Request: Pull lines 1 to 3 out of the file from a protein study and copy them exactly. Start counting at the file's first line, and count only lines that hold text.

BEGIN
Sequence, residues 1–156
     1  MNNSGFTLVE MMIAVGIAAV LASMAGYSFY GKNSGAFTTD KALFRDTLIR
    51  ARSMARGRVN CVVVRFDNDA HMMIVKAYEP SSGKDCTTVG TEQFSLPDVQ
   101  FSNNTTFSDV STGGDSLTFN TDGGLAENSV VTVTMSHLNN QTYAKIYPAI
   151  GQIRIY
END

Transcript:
Sequence, residues 1–156
     1  MNNSGFTLVE MMIAVGIAAV LASMAGYSFY GKNSGAFTTD KALFRDTLIR
    51  ARSMARGRVN CVVVRFDNDA HMMIVKAYEP SSGKDCTTVG TEQFSLPDVQ